Why the Lalu-Nitish tie-up is the death of the Janata Parivar
- The upcoming Bihar election is billed as a major face-off between communal and secular forces.
- Nitish Kumar\'s JD(U) and Lalu Prasad\'s RJD have come together to fight the Bihar assembly elections
- RJD and JD(U) were supposed to have merged into the Janata Parivar - a larger socialist-secular alliance - 2 months back
- Their tie-up indicates the Janata Parivar merger may not happen
- Seat-sharing is the main challenge. Both parties will find it difficult to contest less seats
- Can Nitish and Lalu as well as their party cadres shed 18 years of rivalry?
- The other Janata Parivar constituents don\'t have to face elections in the near future. Will the alliance last?
The upcoming election in Bihar has all the makings of cliffhanger political theatre. It is billed as a key face-off between communal and secular forces, its script is driven by complex caste calculations, and its result will determine the political capital of BJP president Amit Shah, Prime Minister Narendra Modi and the two rival satraps of the state: chief minister Nitish Kumar of the JD(U) and Rashtriya Janata Dal chief Lalu Prasad Yadav.
In this scenario, the long-promised stitching up of the Samajwadi Janata Parivar - a merger of six socialist-secular parties - has evoked not just cynicism but skepticism.
On 8 June, when Lalu Prasad announced that he was willing to accept Nitish Kumar as the chief ministerial candidate of their alliance and give up on his own ambitions, it may have seemed that the massive internal contradictions in the intended Parivar had been overcome.
But Lalu's announcement is a clever ploy. On the one hand, it projects the alliance as a formidable and cohesive threat to the BJP.
On the other, it neatly hides the fact that the grand merger of the Janata Parivar is all but dead.
Here's the lowdown.
Alliance, not merger
This is merely an electoral tie-up between the Janata Dal (United) and the Rashtriya Janata Dal, with the Congress and possibly the Communist Party of India being junior partners.
This is nowhere close to the grand merger of the Janata Parivar that had been promised.
On 5 April, Lalu had proudly announced in Delhi that six parties had merged and they will now have 'ek jhanda, ek nishan' (One flag, one symbol).
The grand merger was to be formally announced with details of seat-sharing and the chief ministerial candidate by 22 April. Nearly two months later, all we have is a confirmation of Samajwadi Party supremo Mulayam Singh Yadav's status as the ceremonial head of the entity that is yet to be formed.
If indeed the six parties, which includes the JD(U) and RJD, had merged, then how does it make sense for two of them to announce a separate alliance? That would have been possible only if these two had decided to de-merge and then collaborate independently.
It is clear that the alliance is a step back from the merger.
An impossibility from the start
The Janata Parivar's merger evoked skepticism from the very beginning.
Out of the six constituents - Samajwadi Party, JD(U), RJD, Indian National Lok Dal, Janata Dal (Secular) and Samajwadi Janata Party - only the RJD and JD(U) are in a position to help each other. A merger, therefore, would be of little help.
A grand merger of 6 parties was to be announced by 22 April. Today, all we have is confirmation of Mulayam as the ceremonial head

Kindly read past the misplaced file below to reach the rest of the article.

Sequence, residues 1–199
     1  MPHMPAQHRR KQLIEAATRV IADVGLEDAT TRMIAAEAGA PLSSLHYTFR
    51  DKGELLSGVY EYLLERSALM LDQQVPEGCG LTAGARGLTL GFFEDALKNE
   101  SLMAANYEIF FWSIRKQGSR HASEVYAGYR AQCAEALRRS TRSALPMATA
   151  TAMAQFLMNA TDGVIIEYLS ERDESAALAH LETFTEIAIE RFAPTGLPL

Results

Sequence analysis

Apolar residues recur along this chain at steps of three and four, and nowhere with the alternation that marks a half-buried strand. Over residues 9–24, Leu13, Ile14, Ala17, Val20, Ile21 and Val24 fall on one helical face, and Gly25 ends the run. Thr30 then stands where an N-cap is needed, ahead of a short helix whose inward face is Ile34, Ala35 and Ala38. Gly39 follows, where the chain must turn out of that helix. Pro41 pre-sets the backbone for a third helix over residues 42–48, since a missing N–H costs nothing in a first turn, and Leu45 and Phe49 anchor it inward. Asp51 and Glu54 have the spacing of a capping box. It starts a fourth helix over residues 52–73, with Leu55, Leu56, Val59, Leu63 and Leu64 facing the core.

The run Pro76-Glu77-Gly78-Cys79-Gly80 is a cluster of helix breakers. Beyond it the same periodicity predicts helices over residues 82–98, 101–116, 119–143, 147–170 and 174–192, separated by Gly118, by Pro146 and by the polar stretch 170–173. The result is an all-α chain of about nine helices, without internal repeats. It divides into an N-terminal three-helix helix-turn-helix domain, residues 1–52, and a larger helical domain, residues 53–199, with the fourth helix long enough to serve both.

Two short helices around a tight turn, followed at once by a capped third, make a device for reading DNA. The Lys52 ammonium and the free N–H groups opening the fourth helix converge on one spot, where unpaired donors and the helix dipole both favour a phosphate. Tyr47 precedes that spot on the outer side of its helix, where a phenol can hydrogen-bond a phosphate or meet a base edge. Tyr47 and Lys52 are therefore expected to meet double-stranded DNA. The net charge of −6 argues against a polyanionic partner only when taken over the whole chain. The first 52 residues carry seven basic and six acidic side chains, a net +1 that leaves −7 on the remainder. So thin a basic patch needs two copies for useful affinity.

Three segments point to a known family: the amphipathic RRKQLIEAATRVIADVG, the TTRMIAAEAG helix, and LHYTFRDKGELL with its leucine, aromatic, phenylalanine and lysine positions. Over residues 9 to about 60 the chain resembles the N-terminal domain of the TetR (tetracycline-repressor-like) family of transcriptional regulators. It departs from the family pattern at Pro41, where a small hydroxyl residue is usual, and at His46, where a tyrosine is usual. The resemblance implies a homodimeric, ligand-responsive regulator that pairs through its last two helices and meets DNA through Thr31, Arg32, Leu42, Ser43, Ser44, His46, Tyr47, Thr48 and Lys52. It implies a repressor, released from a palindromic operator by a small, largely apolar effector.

The other parties will come into play only when their respective states go to polls: Uttar Pradesh in 2017 for SP, Karnataka in 2018 for the JD(S) and Haryana in 2019 for the INLD. It would have been unrealistic to expect such a ragtag coalition to last four years.
Clinching the deal
Even though the Janata Parivar merger seems a distant possibility, Lalu and Nitish have done well to resolve two critical issues that could have been deal-breakers in the alliance: leadership and seat sharing.
As far as leadership is concerned, Lalu didn't have much of a choice as he is barred from contesting elections following his conviction in the fodder scam. Seat-sharing is where the Yadav chieftain was flexing his muscle.
In the 2010 polls, JD(U) won 115 seats contesting in alliance with the BJP and the RJD won 22 out of Bihar's 243 seats.
In last year's Lok Sabha elections, both parties received a massive drubbing at the hands of the BJP. The JD(U) was reduced to two seats, the RJD did marginally better by winning four seats. It also had a better vote share, which strengthened Lalu's case in the seat-sharing negotiations.
The Lok Sabha debacle prompted Nitish and Lalu to shed their enmity. A month later, RJD helped JD(U) in electing two of its leaders to Rajya Sabha.
In August, they joined hands, got the Congress on board too and jointly contested bypolls to 10 Assembly seats. This arrangement worked out well and the alliance won six seats, wresting two from the BJP.
The Janata chieftains had tasted blood and they realised they could defeat the BJP by coming together.
Now their challenge is that the scale has amplified by nearly 25 times. Under the tried and successfully tested formula of dividing 80% seats equally between the JD(U) and RJD, the two big parties will have to contest 97 seats each, leaving 49 for the Congress.
If other parties like CPI and NCP also join the alliance, the Congress' numbers are likely to go down.
Will the marriage last?
Will the tie-up of JD(U) and RJD be so seamless that political identities of their candidates and workers will become one? Can they overcome 18 years of bitter animosity?
Cracking the seat-sharing arrangement will be difficult. The JD(U) is the ruling party with 115 MLAs, it won't be easy for it to settle for contesting a lesser number of seats.
The RJD, on its part, is used to being the dominant partner, having aligned only with smaller parties like the Congress in the past.
Both parties will have to deal with possible rebellion by those who are denied tickets.